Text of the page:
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Can Having a Foreign Accent Hurt Your Career?

Can Having a Foreign Accent Hurt Your Career?

Association for Psychological Science

January 15, 2016

English is increasingly considered to be the global language of business. But people who speak it as a second language are generally passed over for top managerial jobs and executive positions, studies have shown.

New psychological research reveals the factors underlying this glass ceiling. A trio of researchers led by Laura Huang, assistant professor at the University of Pennsylvania’s Wharton School, hypothesized that non-native speakers of English are perceived as having weak political skills — which is considered essential for career success. The scientists suspected that this impression of non-native English speakers impedes them from obtaining executive jobs, as well as venture capital to develop their own businesses.

To test this theory, Huang and her colleagues — business professor Marcia Frideger of Holy Names University and organizational behavioral scientist Jone L. Pearce of University of California, Irvine and the London School of Economics and Political Science — conducted two experiments. In the first, they recruited business students of various ethnic backgrounds and told them their school was helping a company gather feedback on its hiring procedures. The study participants were given a job description for a middle-management marketing director, along with résumés and photos of job candidates.

Participants were then randomly assigned to listen to one of four scripted audio recordings of a male candidate interviewing for the managerial job. Each participant heard a native-born White American, a native-born Asian-American, a Japanese immigrant who spoke English with a Japanese accent, or a Russian immigrant who also spoke with an accent. Identical photos were used for both the Asian-American and Japanese candidates, and for the Russian and native-born White candidates.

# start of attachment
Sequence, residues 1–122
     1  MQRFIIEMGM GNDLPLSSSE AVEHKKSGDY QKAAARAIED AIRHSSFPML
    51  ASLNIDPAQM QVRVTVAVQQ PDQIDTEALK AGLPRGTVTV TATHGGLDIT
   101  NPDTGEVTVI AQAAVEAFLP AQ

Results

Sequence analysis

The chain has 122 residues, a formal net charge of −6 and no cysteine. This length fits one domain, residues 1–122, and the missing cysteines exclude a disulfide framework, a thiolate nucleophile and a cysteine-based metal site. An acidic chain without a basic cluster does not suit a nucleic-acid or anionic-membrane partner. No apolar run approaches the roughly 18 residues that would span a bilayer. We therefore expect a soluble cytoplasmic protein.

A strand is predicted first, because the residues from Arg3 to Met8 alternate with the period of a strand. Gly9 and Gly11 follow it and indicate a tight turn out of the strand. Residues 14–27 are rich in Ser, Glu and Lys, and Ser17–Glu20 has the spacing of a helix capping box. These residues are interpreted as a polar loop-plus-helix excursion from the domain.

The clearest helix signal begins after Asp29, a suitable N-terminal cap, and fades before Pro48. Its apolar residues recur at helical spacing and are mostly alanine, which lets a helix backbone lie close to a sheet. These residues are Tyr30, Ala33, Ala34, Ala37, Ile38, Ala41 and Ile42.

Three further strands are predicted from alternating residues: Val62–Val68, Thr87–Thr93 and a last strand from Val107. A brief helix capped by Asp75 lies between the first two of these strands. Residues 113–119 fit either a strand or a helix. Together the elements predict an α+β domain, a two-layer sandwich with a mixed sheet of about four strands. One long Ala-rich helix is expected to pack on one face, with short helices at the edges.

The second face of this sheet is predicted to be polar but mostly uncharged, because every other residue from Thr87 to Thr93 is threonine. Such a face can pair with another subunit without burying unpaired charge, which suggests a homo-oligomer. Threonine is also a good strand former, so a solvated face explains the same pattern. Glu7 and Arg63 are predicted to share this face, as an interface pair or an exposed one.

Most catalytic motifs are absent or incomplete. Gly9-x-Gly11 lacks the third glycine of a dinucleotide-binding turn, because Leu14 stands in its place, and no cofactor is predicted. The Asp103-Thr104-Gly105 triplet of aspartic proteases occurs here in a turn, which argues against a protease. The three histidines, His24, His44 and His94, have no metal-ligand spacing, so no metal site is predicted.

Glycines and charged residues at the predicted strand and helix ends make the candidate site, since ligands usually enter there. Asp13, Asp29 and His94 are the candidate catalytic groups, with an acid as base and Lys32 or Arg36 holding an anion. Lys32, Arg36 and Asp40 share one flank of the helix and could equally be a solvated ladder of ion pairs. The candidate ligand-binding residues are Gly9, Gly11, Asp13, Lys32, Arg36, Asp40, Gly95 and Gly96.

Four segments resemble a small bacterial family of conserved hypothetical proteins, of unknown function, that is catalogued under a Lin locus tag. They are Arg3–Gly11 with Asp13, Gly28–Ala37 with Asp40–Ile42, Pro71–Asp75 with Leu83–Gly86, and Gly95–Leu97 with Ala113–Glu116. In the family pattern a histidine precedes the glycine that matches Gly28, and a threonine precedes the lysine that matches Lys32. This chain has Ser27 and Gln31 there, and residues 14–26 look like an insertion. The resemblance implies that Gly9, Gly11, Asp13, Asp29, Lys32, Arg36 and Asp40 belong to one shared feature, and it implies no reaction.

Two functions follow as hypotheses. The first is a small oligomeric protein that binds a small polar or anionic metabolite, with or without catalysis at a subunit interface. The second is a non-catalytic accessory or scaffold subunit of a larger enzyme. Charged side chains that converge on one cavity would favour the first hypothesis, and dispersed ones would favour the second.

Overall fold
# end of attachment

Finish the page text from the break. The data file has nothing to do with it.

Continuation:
After listening to the recording, each participant filled out a questionnaire, judging the applicants on their ability to influence others, sense other people’s motivations, communicate with clients, and collaborate with peers and supervisors, among other skills. The participants also rated the likelihood that they would recommend hiring the candidate for the management job.

As predicted, the participants rated both the native-born Caucasian- and Asian-American candidates as more likely to be hired than the men with the foreign accents. And compared to the native English speakers, the non-native speakers were rated as weaker on political skill, regardless of their race and their rankings on communication and collaboration abilities.

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Charismatic speakers ‘manipulate their vocal frequency’

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Scientists say they now understand what makes a voice sound charismatic.

Some people have an innate ability to manipulate their vocal frequency to give their voice a richer quality, the US-based researchers said.

Such people can then apply additional vocal techniques to take advantage of this.

The researchers also found that political leaders with lower voices were perceived as more dominant and attractive.